Functional neck dissection is performed to eliminate metastatic cancer of the lymph nodes. During the procedure, the metastatic lymph nodes are removed in the neck, but the regional accessory nerve, internal jugular vein and sternocleidomastoid muscle are all left preserved.
Also Known As:
- Neck dissection
- Neck surgery
Conditions Treated with Functional Neck Dissection:
Functional neck dissection is utilized to treat metastatic neck cancer to the lymph nodes in levels II, III, IV, and V.
There are no comparable non-surgical alternatives to functional neck dissection. Surgical alternatives include radical neck dissection and modified radical neck dissection.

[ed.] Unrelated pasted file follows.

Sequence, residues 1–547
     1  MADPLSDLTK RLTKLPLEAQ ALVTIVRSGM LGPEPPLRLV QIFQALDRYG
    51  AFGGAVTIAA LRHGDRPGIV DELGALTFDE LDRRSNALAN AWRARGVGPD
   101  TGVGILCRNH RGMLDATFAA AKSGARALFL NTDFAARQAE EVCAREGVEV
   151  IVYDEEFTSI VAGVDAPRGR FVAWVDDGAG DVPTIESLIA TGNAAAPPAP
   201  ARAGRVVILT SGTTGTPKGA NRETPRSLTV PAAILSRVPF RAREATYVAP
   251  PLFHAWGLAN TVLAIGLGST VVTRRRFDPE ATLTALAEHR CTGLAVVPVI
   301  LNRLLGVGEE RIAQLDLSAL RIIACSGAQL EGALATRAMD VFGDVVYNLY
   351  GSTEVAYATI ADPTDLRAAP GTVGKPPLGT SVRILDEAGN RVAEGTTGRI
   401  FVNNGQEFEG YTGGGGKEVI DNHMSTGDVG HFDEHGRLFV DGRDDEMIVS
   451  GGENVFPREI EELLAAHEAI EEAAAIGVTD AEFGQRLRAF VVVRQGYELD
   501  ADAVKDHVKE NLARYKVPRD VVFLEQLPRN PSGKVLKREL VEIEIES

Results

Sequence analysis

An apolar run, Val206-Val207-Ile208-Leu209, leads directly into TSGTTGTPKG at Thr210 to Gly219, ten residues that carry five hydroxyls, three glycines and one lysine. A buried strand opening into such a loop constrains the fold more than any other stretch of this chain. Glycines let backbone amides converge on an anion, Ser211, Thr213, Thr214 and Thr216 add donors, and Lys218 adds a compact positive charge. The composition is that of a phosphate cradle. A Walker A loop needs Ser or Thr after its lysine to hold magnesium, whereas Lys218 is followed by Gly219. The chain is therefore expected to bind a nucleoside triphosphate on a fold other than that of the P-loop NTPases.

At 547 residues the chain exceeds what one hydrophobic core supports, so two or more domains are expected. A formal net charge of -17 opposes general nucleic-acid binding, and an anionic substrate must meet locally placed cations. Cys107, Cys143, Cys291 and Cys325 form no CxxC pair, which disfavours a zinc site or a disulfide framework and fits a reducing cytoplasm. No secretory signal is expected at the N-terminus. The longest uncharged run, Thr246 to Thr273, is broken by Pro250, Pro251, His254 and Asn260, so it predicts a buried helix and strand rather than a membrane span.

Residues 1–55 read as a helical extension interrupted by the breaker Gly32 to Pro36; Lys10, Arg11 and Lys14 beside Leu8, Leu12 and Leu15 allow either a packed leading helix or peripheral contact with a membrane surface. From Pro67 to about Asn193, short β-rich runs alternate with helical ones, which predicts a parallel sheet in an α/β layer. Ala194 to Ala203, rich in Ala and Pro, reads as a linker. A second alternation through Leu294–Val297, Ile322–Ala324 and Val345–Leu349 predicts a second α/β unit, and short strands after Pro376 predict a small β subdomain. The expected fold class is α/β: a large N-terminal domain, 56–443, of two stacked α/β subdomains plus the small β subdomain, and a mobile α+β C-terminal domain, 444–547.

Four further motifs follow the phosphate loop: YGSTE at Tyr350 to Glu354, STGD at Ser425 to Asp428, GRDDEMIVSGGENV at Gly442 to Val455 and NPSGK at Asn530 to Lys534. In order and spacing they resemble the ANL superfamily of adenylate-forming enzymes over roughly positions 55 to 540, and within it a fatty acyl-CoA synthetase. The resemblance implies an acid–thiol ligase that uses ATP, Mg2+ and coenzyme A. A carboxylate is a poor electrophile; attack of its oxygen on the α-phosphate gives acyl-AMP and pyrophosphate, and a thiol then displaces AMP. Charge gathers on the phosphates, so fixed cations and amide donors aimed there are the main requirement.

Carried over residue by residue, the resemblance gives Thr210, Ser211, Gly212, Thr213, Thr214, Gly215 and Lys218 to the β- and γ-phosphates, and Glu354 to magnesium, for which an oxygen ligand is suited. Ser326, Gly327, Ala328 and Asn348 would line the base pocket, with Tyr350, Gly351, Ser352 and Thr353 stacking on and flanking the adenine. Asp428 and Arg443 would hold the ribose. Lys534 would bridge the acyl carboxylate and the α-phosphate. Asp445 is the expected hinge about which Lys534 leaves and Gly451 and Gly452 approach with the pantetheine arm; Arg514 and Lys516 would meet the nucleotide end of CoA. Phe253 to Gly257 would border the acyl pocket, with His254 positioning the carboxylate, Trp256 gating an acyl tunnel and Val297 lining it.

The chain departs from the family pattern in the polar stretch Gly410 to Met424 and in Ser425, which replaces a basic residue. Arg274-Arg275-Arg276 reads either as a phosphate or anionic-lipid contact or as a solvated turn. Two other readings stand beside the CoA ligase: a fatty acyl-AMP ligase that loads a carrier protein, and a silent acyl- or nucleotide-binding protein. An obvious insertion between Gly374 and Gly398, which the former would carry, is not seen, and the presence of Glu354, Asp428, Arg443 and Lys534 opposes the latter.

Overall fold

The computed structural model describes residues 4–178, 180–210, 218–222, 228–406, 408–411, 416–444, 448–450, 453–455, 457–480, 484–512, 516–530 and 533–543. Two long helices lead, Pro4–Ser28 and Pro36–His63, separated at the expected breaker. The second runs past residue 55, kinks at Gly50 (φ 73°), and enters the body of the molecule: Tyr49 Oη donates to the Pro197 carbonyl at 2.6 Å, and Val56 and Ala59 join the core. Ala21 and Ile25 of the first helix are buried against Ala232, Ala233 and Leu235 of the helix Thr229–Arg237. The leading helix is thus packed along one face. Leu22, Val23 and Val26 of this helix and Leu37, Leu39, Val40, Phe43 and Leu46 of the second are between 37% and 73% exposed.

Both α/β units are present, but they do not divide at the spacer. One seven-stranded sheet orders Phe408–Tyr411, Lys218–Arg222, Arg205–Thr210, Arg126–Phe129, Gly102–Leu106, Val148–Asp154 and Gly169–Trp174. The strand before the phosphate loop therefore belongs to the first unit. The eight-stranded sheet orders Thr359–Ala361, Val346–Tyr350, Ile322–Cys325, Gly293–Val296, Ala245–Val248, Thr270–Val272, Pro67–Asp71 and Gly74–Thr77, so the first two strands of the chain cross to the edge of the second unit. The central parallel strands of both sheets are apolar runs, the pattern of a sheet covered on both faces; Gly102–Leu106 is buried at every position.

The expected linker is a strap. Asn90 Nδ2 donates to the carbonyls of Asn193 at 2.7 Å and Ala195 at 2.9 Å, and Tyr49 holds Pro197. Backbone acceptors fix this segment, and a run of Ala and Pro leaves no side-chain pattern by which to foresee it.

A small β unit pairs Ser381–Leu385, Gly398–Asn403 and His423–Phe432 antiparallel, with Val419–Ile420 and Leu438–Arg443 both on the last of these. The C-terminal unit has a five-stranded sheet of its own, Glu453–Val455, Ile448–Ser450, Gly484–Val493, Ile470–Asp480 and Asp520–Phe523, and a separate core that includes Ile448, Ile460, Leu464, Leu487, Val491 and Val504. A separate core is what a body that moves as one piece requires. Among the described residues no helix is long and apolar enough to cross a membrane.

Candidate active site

Anesthesia with Functional Neck Dissection:
Functional neck dissection is performed under general anesthesia, which means that the patient is asleep and completely unaware during the procedure.
Potential Complications from Functional Neck Dissection:
Possible risks of functional neck dissection include bleeding, dry mouth and a negative reaction to the anesthesia. It is also possible for the veins, arteries and nerves nearby to become damaged. Patients who undergo this procedure are often at a higher risk of infection without the lymph nodes.
Recovery from Functional Neck Dissection:
The total recovery time following functional neck dissection varies according to how much tissue was removed during the procedure. In general, recovery takes two to three days.